For-profit colleges leave students with high debt and inadequate educations that can harm them for years after they graduate or quit school, witnesses are scheduled to testify today at a Senate hearing in Washington.
Recruiters enticed Danielle Johnson, a mother from Iowa, to enroll in Washington Post Co.’s Kaplan education unit, saying she could train at home to be a nurse, a claim that turned out to be untrue, she said in testimony prepared for today’s Senate Health, Education, Labor & Pensions Committee hearing. Kaplan refused to release her transcripts, preventing her from transferring into a cheaper community college, she said.
While working students must have access to programs that fit their schedules and training requirements, they also need protection from the predatory recruiting programs and lending fraud uncovered by a government probe of education companies, said Arnold Mitchem, president of the Council for Opportunity in Education, in prepared comments for the hearing.
“Access is critical, but access to what?” Mitchem said in the prepared testimony. “Mountains of debt?”
For-profit colleges represent about 12 percent of U.S. college students, according to the Association of Private Sector Colleges and Universities, a Washington-based industry group formerly called the Career College Association. Those students account for about a quarter of U.S. student loan dollars, said Lauren Asher, president of the Institute for College Access and Success, an advocacy group based in Oakland, California, in comments prepared for the hearing.
About 43 percent of all former students who defaulted by 2010 on loans they began paying off in 2008 were from for-profit colleges, Asher said. The consequences of those defaults are “severe and long-lasting,” she said in her remarks.
“You will likely be hounded by collectors, and your debt will increase significantly because of default and collection fees,” Asher said in her prepared comments. “You cannot get federal grants or loans to return to school, and the debt can follow you until you die. There is no statute of limitations, and the government can garnish your wages, seize your tax refunds, and eventually take a slice of your Social Security check.”
For-profit colleges have helped improve the lives of many students who earlier failed at traditional, nonprofit universities, said Harris Miller, president and chief executive officer of the for-profit colleges’ trade group.
“We can all play the anecdote game,” Miller said in a telephone interview before the hearing began. “We have plenty of students who would be glad to tell the committee how our schools have turned their lives around.”
About 1,500 students, teachers and administrators rallied in front of the U.S. Capitol building yesterday to oppose proposed industry regulations that would force for-profit colleges to show that graduates are repaying their loans and make enough to afford repayment.
“All State does a great job of preparing you to present yourself for a job,” said Sarah Martin, 22, a student at All State Career School in Baltimore who rode to Washington on one of six buses the college sent to the rally.
“It’s up to you to take advantage of the situation,” Martin said.
For-profit colleges have come under fire since a government report released Aug. 4 found that recruiters at 15 colleges misled students to boost enrollment. Senator Tom Harkin, the Iowa Democrat who heads the education committee, said he plans to hold another hearing the first week in December. Harkin said he will release information at today’s hearing collected from education companies.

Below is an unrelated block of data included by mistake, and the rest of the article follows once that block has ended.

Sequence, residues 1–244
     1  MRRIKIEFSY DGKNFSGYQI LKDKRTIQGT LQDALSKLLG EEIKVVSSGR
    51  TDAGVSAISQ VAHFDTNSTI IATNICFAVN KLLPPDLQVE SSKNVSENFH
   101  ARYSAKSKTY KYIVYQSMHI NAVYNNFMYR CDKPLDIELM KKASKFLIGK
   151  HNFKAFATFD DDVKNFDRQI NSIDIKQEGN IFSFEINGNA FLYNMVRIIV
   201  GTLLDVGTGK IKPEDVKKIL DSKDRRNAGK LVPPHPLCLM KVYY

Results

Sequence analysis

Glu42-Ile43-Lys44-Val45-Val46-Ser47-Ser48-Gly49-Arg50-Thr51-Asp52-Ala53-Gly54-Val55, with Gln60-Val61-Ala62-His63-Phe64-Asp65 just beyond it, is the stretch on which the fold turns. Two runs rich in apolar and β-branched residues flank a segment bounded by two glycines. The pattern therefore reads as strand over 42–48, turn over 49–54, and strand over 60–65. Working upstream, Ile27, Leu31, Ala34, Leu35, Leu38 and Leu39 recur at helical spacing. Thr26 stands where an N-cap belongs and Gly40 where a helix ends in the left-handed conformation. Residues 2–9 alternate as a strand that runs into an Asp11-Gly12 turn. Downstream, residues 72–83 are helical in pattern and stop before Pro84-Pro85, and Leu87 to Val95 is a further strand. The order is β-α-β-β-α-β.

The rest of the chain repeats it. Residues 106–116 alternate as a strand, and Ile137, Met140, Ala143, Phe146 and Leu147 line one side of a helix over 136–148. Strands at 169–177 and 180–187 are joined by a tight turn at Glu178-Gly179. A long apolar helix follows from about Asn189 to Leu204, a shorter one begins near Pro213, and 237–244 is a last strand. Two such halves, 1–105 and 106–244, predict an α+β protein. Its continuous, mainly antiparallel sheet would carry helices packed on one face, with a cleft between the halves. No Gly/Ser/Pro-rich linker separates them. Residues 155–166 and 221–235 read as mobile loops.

“The companies get the profits, and the students get the debt,” Harkin said in a telephone interview before the hearing. “And many times they don’t even get a degree.”
Deceptive marketing has hurt low-income, minority students across the U.S., Mitchem said in his prepared testimony. Mitchem’s group submitted a list of stories from students who said they had been misled by recruiters and administrators.
D’angelo Walker, a former student at Hoffman Estates, Illinois-based Career Education Corp.’s Sanford-Brown College whose story was included in the submission, said his degree failed to help him get a job, and other colleges won’t accept the credits he earned.
“I feel like I’ve been robbed,” Walker said in the testimony. “Every school is telling me that I will have to start over.”
Almost half of the students at for-profit colleges are minorities and about two-thirds of the schools’ students have incomes below the median for all undergraduates, Asher said. These students are three times as likely to borrow to pay for their education as those attending nonprofit colleges, Asher said.
“The data clearly show that across levels of income and categories of race/ethnicity, for-profit college students borrow more than those who attend elsewhere,” she said in her testimony.
Kathleen A. Bittel, who works in Education Management Corp.’s Art Institute of Pittsburgh online division, also is scheduled to testify at the hearing. The company assembled deceptive career-placement data by counting entry-level jobs at Toys “R” Us, Starbucks and a convenience store as related to students’ degrees, Bittel said in a letter to Congress obtained by Bloomberg News. The company investigated Bittel’s claims and determined they were unfounded, Education Management said yesterday in a statement.
Education Secretary Arne Duncan said in August that he will beef up his department’s enforcement arm to help stamp out predatory recruitment practices. The Education Department is preparing to publish rules that strengthen sanctions for recruiters who mislead applicants, and require for-profit colleges to tell students how many students graduate and get placed in jobs.
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